NCC deplores bombing in Jerusalem
The National Council of Churches deplored the bombing of a crowded bus in Jerusalem Wednesday that killed a women and injured at least 24 persons.
“In the 61 years of its existence, the National Council of Churches has consistently condemned violence as a tactic for advancing political ideology,” said the Rev. Dr. Michael Kinnamon, NCC general secretary. “The bomb that tore through this bus served no earthly cause but was a murderous assault on all that Christians, Muslims and Jews deem holy.”
Kinnamon noted that Israel and Palestine are a geopolitical tinderbox where violence can erupt at any time.
“Anger and frustration festers on both sides,” Kinnamon said. “Israelis live with the constant possibility of missile attacks and terrorist attacks on innocent civilians, including children. Palestinians live behind walls that impede access to their businesses, crops, houses of worship and medical facilities. It’s an untenable situation that makes violence inevitable.”
But that in no way makes the violence acceptable, Kinnamon said. “Regardless of how justifiable it may seem, violence is condemned in holy scripture in all the Abrahamic traditions — Christian, Muslim and Jewish.”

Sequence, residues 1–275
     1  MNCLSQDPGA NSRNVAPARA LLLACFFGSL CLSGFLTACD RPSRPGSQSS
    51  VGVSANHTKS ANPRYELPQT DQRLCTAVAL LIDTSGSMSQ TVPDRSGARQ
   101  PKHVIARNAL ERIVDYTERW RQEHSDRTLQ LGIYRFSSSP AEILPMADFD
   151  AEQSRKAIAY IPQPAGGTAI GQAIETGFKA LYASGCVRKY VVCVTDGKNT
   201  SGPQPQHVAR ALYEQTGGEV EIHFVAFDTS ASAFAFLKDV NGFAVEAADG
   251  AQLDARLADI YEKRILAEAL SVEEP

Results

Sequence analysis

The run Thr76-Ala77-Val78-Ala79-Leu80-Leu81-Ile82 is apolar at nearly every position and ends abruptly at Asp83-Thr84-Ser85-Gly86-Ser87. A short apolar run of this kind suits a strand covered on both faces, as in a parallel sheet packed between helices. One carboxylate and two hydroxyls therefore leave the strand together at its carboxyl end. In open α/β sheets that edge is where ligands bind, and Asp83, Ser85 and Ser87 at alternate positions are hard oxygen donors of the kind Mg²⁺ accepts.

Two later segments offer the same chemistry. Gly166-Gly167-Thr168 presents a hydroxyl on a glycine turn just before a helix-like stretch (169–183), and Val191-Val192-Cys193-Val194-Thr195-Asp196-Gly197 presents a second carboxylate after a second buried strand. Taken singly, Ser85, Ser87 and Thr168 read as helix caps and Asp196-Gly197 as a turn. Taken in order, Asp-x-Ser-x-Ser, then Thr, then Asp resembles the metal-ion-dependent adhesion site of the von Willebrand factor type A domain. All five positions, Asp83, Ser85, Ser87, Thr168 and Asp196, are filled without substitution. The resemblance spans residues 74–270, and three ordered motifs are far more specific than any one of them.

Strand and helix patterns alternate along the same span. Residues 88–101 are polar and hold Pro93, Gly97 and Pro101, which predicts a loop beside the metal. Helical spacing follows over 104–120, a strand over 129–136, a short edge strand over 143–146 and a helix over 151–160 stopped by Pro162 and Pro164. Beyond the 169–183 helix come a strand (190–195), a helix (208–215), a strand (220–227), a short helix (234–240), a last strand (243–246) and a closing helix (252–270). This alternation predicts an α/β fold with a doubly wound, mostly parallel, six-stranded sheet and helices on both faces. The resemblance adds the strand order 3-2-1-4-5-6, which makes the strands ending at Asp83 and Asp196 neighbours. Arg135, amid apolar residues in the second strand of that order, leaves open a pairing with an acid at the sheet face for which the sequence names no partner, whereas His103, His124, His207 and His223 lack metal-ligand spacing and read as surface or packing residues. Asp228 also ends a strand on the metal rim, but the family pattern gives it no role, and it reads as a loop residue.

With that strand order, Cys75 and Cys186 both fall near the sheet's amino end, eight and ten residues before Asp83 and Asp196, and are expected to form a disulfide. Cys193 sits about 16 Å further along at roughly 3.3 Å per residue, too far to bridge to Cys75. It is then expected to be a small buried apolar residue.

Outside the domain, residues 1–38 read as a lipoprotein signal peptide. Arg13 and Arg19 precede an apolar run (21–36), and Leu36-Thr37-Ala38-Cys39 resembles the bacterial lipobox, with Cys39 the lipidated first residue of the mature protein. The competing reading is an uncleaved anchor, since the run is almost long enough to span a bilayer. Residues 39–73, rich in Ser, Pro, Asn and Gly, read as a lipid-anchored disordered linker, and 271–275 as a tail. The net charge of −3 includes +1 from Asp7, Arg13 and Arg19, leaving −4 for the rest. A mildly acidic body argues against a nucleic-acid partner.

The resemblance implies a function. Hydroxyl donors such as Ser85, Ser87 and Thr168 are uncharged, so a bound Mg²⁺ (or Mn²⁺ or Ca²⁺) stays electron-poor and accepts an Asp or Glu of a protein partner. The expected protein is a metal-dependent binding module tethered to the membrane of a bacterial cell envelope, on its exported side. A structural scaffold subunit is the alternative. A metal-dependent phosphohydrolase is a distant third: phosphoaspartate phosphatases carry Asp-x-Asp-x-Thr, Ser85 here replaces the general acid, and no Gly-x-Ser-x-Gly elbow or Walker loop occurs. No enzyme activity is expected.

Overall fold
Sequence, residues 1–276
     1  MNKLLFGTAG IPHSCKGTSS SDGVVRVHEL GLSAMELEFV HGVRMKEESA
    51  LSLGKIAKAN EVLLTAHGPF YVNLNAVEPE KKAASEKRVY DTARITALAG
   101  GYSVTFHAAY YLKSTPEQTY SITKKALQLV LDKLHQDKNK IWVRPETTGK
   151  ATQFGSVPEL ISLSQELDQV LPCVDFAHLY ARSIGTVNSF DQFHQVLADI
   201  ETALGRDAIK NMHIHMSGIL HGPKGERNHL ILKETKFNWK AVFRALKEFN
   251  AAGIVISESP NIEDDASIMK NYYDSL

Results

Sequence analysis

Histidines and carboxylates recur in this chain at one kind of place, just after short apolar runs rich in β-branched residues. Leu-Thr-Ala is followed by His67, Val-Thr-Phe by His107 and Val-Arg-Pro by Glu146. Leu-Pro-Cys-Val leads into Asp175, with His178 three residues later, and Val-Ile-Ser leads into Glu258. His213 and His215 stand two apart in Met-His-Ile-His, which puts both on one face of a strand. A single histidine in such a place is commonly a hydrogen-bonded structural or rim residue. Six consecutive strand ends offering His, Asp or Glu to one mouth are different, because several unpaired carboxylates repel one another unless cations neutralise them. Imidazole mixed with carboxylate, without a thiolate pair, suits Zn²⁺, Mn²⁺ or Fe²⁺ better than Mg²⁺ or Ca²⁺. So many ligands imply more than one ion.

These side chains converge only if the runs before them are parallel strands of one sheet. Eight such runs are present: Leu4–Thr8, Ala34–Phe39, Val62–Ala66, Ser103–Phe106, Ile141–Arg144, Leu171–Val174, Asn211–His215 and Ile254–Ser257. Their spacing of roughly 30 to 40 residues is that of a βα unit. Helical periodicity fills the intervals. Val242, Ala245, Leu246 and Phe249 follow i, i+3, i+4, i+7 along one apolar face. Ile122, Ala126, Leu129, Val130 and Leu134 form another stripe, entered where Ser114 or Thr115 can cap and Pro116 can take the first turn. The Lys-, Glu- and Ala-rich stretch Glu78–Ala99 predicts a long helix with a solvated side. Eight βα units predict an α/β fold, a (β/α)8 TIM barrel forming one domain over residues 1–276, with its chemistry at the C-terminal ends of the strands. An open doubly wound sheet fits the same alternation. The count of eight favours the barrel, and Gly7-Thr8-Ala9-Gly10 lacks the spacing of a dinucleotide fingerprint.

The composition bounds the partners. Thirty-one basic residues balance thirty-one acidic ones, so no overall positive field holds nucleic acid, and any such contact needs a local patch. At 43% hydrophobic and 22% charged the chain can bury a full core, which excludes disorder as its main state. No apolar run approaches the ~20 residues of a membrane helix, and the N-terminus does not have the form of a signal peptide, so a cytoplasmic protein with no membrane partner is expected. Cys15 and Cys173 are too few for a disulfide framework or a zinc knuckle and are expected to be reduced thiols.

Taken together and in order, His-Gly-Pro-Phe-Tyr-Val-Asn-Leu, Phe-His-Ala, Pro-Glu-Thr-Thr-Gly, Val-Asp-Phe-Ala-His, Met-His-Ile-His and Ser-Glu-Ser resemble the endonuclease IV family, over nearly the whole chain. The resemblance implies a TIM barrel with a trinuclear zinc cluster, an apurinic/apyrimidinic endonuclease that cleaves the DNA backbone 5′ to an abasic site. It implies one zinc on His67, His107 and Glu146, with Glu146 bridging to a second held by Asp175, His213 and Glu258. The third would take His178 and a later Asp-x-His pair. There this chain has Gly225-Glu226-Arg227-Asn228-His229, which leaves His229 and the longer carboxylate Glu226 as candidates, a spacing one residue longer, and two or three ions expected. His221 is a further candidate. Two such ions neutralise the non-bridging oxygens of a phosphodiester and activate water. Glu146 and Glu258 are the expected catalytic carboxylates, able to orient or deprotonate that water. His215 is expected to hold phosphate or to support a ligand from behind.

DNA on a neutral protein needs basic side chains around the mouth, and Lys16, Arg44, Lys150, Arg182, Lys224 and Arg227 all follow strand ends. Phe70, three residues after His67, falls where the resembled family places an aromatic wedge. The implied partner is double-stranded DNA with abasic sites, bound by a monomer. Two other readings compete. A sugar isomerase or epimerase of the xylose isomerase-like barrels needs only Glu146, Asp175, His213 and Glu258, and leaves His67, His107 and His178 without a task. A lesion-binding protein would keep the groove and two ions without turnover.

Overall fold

Kinnamon also said the apparent decision by Hamas to resume rocket attacks on Israel is “deplorable.”
The rocket attacks and the Jerusalem bus bombing are particularly evil because it distracts attention from small but encouraging steps toward peace, Kinnamon said.
“The U.S. sponsored peace negotiations between Israel and the Palestinian Authority, though set back by Israeli settlements on Palestinian land, are not yet dead,” he said.
There is a growing peace movement in Israel among thousands who are tired of war and who believe their government’s treatment of Palestinians is unjust, Kinnamon said.
“And this month there were nonviolent rallies by thousands of young Palestinians critical of Hamas and the Palestinian authority and calling for a national-unity government and new democratic elections throughout the Palestinian community.”
The rallies were attacked by thugs from both Hamas and the Palestinian authority, according to reports.
But Kinnamon said he had received a message from Rabbi Arthur Waskow of the Shalom Center in Washington, discerning a kernel of hope in the rallies.
Waskow wrote, “The old and destructive journalistic slogan, ‘If it bleeds, it leads,’ has once again resulted in the elevation of murder to the Big Story and the use of nonviolent protest by Palestinian youth has been all but ignored by US media.”
Waskow added: “But the nonviolent rallies — sparked by the Egyptian revolt but deeply rooted in Palestinian hunger for fresh leadership and a new way of seeking Palestinian statehood alongside Israel — might be far more important in the longer run than the vile murders of Israeli civilians, which are far more likely to freeze the status quo of fear and rage than to bring change.”
Kinnamon said, “the murders of Israeli civilians was vile indeed, and we will condemn such acts of mindless violence whenever they occur.”
“At the same time,” Kinnamon said, “we call on all observers — journalists, diplomats, relief workers and religious leaders — to encourage perceptible movements toward peace and do whatever they can to keep the hopeful embers alive.”